In a week that has included the announcement of the most distant single star observed and the most distant galaxy comes the announcement of a record-breaking funky space phenomenon called a "megamaser", a powerful radio-wave laser that is at least 1,000 times brighter than the Sun. Astronomers have now observed the most distant one, the light of which comes from 5 billion light-years, or 58 thousand billion billion kilometers, away.
The findings, accepted for publication in The Astrophysical Journal Letters, show the emission comes from compact gas, in particular, hydroxyl molecules, which are made of one hydrogen atom and one oxygen. These, when excited by some energetic process, emit light in a very specific wavelength creating a laser-like signal.
Hydroxyl megamasers are found in gas-rich galaxies that are bright in infrared. They are hallmarks of galaxy mergers so studying these megamasers opens up a new way to study galaxy evolution.
“When galaxies collide, the gas they contain becomes extremely dense and can trigger concentrated beams of light to shoot out,” lead author Dr Marcin Glowacki, from Curtin University, said in a statement. “This is the first hydroxyl megamaser of its kind to be observed by MeerKAT and the most distant seen by any telescope to date.”
The galaxy has been nicknamed "Nkalakatha" [pronounced ng-kuh-la-kuh-tah] which translates to “big boss” in the isiZulu language. It has an integrated luminosity of over 6,000 times that of our Sun.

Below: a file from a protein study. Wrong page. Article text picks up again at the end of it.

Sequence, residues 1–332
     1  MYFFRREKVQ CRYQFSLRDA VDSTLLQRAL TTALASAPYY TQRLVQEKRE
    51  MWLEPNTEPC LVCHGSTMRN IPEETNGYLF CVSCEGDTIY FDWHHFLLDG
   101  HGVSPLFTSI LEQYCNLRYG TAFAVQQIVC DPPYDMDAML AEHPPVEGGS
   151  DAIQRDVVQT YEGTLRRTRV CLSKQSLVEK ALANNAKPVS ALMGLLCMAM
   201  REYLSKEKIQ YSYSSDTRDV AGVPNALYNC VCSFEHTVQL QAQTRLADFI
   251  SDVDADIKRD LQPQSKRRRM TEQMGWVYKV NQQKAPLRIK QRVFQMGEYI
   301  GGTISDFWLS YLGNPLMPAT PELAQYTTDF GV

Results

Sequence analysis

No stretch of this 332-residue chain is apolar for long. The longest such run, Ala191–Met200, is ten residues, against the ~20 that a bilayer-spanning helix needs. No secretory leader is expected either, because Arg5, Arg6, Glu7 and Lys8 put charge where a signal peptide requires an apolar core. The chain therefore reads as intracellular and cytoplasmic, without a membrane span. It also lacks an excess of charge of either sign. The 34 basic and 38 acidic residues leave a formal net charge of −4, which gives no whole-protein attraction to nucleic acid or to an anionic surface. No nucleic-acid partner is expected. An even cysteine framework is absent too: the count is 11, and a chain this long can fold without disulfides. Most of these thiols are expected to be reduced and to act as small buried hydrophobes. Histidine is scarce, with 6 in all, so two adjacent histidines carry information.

The discovery was observed by the MeerKAT telescope in South Africa, as part of the Looking At the Distant Universe with the MeerKAT Array (LADUMA) survey. Interestingly, the discovery comes from the very first night of observations in the program that is scheduled to study the night sky for 3,424 hours.
“It’s impressive that, with just a single night of observations, we’ve already found a record-breaking megamaser. It shows just how good the telescope is,” Dr Glowacki, formerly at the University of the Western Cape in South Africa, added.
The LADUMA project aims to study a small region of the sky very deeply, focusing in particular on the emission of hydrogen and hydroxyl from very distant galaxies. The goal is to learn more about galaxies across the ages of the universe, and with this megamaser, they have an exciting candidate to do just that.
“We have follow-up observations of the megamaser planned and hope to make many more discoveries,” Dr Glowacki said.
MeerKAT is one of the two precursor radio telescopes of the Square Kilometer Array, which will be built across Australia and South Africa to become the world's largest radio telescope. Thanks to a quirk of physics, the further apart two radio antennas are the more precise the observations, so placing the many antennas in different countries far apart will create an incredible instrument.